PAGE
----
Technical Details on How the Propulsion Force By Product is Produced
Part One  Part Two
To best illustrate the How the Principle works, I have provided four diagrams. The 1st three are designed to work together, as a sequence of illustrations. The 4th diagram, is a Classic Applied Force Diagram, which makes use of a right triangle, and trigonometry. The 1st three diagrams, should be sufficient to grasp the basic principle of How the Propulsion Force By Product is Produced, and applied to the Sailboat Hull.

Fig. 1 
The objective of Figure 1 is to provide a mechanical illustration of the of How the Principle, which Produces a Propulsion Force By Product, works.
Force Meter: The Force Meter has a pressure plate inside the opening. When a force is applied to the pressure plate, the Meter displays the applied force. The pressure plate inside the Meter, does not move when force is applied to the plate.
Siding Sleeve: There are two Sliding Sleeves; A, and B. Each Sleeve is able to slide along on a circular rod.
Armature: The Armature is a rod connected between SleeveA, and SleeveB, by a rotational pin.
Theta : Theta (Greek Alphabet Symbol) is the angle between the armature, and the horizontal circular rod. The value of Theta will always be in a range of 0 deg to 90 deg.
Sequential Scenario of Figure 1 :
* When a Force is applied to SleeveA, SleeveA will attempt to slide upward.
* Sleeve A, will transfer the Applied Force to SleeveB via the Armature.
* Sleeve B, will transfer the Applied Force to the pressure plate inside the Force Meter
* The Pressure Plate registers the Applied Force, and displays the result.
Scenario of Figure 1 :
When a Force is applied to SleeveA, SleeveA will attempt to slide upward. A portion of the applied Force will be transferred to SleeveB. The amount of Horizontal Force transferred to SleeveB, is directly dependent on the angle of Theta.
* Minimum Horizontal Force is transferred to Sleeve B, when Theta = 0 deg, and 90 deg
* Maximum Horizontal Force is transferred to Sleeve B, when Theta = 45 deg
* Less Than Maximum Horizontal Force is transferred to SleeveB, when Theta is less than 45 deg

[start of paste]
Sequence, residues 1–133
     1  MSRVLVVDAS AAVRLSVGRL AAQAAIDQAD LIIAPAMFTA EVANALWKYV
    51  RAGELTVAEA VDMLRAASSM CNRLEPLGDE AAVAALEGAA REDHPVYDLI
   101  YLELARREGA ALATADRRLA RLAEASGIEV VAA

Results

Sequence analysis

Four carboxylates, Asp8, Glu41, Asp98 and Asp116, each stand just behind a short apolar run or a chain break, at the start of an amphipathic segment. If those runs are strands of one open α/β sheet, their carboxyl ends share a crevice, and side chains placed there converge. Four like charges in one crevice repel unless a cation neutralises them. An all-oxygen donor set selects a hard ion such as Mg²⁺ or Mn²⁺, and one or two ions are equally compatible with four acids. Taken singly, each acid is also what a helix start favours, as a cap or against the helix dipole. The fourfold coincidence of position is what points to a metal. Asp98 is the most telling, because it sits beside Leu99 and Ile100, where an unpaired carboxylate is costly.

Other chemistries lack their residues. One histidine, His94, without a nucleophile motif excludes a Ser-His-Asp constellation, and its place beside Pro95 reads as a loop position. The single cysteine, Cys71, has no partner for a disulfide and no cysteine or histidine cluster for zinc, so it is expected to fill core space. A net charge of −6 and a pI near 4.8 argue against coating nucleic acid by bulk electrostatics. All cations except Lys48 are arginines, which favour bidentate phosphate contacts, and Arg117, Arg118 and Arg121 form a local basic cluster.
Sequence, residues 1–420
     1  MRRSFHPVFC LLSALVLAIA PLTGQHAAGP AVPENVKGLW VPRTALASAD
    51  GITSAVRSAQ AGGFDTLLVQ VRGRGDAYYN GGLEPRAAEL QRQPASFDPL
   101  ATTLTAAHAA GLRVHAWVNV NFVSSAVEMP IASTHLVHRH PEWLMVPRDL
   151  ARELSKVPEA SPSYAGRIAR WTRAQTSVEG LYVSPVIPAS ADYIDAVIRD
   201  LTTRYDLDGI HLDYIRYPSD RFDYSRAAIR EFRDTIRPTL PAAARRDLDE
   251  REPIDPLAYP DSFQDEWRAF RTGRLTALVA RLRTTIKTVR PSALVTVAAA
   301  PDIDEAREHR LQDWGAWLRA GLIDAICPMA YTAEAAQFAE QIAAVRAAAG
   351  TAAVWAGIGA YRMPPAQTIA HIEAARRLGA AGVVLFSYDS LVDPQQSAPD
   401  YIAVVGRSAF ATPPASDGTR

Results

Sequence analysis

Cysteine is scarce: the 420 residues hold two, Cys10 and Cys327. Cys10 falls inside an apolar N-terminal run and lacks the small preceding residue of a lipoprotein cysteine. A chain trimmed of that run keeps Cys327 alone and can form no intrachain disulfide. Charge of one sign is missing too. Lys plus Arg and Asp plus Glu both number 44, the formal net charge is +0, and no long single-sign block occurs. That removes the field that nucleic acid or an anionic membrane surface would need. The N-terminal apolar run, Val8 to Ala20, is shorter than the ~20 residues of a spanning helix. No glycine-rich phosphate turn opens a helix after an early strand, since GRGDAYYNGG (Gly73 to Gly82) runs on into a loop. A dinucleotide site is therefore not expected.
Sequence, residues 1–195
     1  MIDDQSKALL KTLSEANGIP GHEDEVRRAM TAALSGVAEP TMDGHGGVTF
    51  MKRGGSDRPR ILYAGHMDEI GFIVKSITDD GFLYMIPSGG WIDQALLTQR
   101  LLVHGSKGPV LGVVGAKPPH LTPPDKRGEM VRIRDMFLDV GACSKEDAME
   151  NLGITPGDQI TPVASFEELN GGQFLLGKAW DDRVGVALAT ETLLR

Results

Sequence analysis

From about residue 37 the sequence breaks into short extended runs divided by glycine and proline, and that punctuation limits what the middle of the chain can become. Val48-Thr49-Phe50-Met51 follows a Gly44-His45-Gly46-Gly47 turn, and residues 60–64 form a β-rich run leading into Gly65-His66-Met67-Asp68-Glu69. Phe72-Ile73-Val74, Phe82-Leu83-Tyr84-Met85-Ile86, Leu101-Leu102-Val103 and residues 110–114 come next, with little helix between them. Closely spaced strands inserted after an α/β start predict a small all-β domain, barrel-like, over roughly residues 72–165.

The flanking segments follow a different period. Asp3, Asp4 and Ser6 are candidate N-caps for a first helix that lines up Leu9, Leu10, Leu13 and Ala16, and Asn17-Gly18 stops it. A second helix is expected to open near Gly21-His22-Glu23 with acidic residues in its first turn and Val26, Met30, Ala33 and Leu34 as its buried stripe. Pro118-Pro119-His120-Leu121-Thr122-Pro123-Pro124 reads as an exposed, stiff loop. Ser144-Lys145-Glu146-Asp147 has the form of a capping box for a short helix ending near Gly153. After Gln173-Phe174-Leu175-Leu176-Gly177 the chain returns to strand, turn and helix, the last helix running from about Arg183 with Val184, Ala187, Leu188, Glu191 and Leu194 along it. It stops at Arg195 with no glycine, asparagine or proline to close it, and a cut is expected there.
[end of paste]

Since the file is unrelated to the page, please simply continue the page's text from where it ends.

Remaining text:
* Less Than Maximum Horizontal Force is transferred to SleeveB, when Theta is greater than 45 deg
* When Theta is equal to 45 deg, the Horizontal Force on Sleeve B will be 50% of the Applied Force on SleeveA
* When Theta is not equal to 45 deg, the Horizontal Force on Sleeve B will be less than 50% of the Applied Force on SleeveA

Fig. 2 
Figure 2, is the same as Figure 1. The only thing that has changed are the identifiers.
Foil : Leeboard, Mizzen Sail, or Rudder
Force : The Lateral Force generated by the Foil
Sailboat Hull : The Hull of the Sailboat provides the frame work, at which the "Armature" transfers the Applied Force, at an angle Theta, to "SleeveB"; the CG located along the Center Line of the Hull.
CG : The Applied Force on the Foil, will always act on the CG location of the Hull.
Theta : The Angle between the Center Line of the Hull, and the "Armature" (radial line to the Foil). A maximum Propulsion Force By Product is Produced, when Theta is at 45 deg.
Propulsion : Propulsion, which is produced as a By Product, of the Applied Force to the Foil.

Fig 3. 
Figure 3 illustrates the sum of all three Foils, when they are applied to a Sailboat Hull. Each of the Foils will Produce a Propulsion Force. The sum of the three Propulsion Forces will produce a Net Propulsion.
Adjusting the Location of the CG:
The location of the CG, by definition of being a Sailboat, is going to be somewhere between the Leeboard (Centerboard), and at least 1 Ft. in front of the stern. Which means, that the default (dry boat) location of the CG, will initially be close to the location of the Leeboard. As cargo and crew are added to the boat, the CG will typically move aft of the Leeboard.
Note: By definition, a Sail boat, to retain Stability, must keep the location of the CG aft of the Leeboard (Centerboard). If the location were to move in front of the Leeboard, control of the Sailboat would be completely lost.
One of the easiest ways to determine the location of the CG, is to put the sailboat into calm water, with the sails down. Gently give the sailboat a push, such that the boat will begin to spin (rotate). As the boat rotates, look closely and observe the location which acts like it has an imaginary vertical axle through the hull. The boat will appear to be spinning on the imaginary axle. This is the default CG of the boat. As you add the crew, and cargo to the boat, the location of the CG will change (forward, or backward) from the default location.

Fig. 4 
Figure 4 is a Force Diagram, modeling the Mizzen Sail on the port side of the stern.